Not surprisingly, given strong equity and debt markets, low interest rates, and healthy M&A activity, valuations increased for packaging companies in 2010. Figure 5 depicts the improvement in EBITDA multiples from both financial as well as strategic acquirers. It is not unusual for strategic buyer multiples to exceed those paid by financial buyers. In addition to the benefit of synergies, the strategic buyers often can help accelerate the growth prospects of the acquired company.
Outlook for 2011
M&A activity is expected to remain robust in 2011, driven by the following factors:
- Gradual improvement in the economy
- Continued strength in the equity markets
- Continued low interest rate environment
- Continued desire by strategics to grow and achieve synergies
Private equity continues to play an important role in packaging merger and acquisition activity. Private equity groups control hundreds of billions of dollars that need to be invested. This money was raised during the bull market of 2004 through 2007 and simply was not invested during the recession of 2008 and 2009.
The financial sponsor community continues to view packaging as an attractive industry due to its relative stability during economic cycles. In particular, middle market packaging companies are in demand, as these businesses are viewed as scalable into larger businesses.
Strategic buyers also will continue to remain active. Companies such as Rock-Tenn, Amcor, Bemis, Printpack, International Paper, and Rank Group have demonstrated a commitment to M&A as a viable growth option. The best strategic acquirers not only understand the risks and opportunities associated with M&A but also invest significant managerial capital post-close to help assure a smooth transition.
Bill Hornell is a managing director in the Investment Banking Group at Mesirow Financial, Chicago, IL. He has completed more than 70 packaging merger and acquisition transactions. A significant majority of these transactions involved consumer packaging businesses. Contact him at 312-595-6176 or at firstname.lastname@example.org; www.mesirowfinancial.com.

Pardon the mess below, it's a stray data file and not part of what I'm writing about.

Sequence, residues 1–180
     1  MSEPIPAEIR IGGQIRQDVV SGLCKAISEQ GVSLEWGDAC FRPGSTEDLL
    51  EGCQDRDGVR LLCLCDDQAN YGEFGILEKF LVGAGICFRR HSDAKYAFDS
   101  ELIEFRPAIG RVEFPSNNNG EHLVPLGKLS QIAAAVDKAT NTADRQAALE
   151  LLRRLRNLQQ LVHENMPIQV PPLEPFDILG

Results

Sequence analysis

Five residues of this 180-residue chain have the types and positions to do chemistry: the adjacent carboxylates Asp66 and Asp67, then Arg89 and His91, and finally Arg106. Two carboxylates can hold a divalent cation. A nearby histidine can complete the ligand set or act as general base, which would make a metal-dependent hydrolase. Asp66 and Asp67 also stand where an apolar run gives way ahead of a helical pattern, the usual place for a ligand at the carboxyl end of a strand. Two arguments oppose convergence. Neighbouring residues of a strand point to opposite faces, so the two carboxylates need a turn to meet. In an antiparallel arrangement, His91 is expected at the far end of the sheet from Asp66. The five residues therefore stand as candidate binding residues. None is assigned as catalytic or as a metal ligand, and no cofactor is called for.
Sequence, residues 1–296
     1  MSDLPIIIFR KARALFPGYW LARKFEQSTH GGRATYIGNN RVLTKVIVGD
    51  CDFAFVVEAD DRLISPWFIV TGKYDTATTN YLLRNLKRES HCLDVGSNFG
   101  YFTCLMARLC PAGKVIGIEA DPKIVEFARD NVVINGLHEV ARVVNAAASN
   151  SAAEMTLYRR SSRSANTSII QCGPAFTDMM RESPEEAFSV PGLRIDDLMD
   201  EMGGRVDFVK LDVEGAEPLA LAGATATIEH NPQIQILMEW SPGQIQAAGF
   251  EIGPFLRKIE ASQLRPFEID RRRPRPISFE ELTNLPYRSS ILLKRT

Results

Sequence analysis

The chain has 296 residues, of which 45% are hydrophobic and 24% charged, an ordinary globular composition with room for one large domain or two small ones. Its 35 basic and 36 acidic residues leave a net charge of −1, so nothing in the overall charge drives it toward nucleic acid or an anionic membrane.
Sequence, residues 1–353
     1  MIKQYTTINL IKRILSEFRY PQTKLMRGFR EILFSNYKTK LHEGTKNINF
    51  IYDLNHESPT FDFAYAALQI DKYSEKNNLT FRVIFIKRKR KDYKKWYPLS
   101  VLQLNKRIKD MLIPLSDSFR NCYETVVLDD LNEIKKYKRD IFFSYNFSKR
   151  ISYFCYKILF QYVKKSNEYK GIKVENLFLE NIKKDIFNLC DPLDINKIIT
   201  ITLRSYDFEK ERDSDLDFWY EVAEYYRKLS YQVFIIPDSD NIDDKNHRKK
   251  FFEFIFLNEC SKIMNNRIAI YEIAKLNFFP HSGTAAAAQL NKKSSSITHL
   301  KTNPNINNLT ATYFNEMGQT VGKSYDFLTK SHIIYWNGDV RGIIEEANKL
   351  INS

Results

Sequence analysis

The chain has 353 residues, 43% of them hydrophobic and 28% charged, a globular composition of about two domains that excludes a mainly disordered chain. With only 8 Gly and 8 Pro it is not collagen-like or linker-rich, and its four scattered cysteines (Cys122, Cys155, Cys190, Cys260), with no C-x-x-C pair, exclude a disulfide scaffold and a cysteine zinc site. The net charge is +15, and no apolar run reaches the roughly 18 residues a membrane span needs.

Managing director John Chrysikopoulos joined Mesirow Financial in 2009. He has 14 years of investment banking experience, nine years of equity research experience, and has participated in numerous high profile paper and packaging transactions. Located in New York, he can be reached at 212-351-8181 or at email@example.com.
Independent corrugated converters saw shipments increase during 2010 as the manufacturing sector recovered from its earlier deep recession. While an inventory correction may dampen some growth early next year, US market conditions for the full year should provide the potential for most independent boxmakers to increase their shipments again in 2011. — Steve Young, President, Assn. of Independent Corrugated Converters
The year 2010 was definitely a turnaround year for many companies in the flexo industry as compared to '09…FTA included. The concern that loomed as companies tightened their purse strings during the depths of the recession was replaced with a more progressive, albeit guarded optimism as the year progressed. All indications point to 2011 as exhibiting an extension of this year with business steadily improving as the economy continues to grow slowly. — Mark Cisternino, President, Flexographic Technical Assn./Foundation of Flexographic Technical Assn.
The 2011 outlook for the US flexible packaging industry is very optimistic and follows a relatively positive 2010. The flexible packaging industry is recovering well from the “Great Recession of 2009” when, for only the second time in well over two decades, it experienced a negative 2% growth.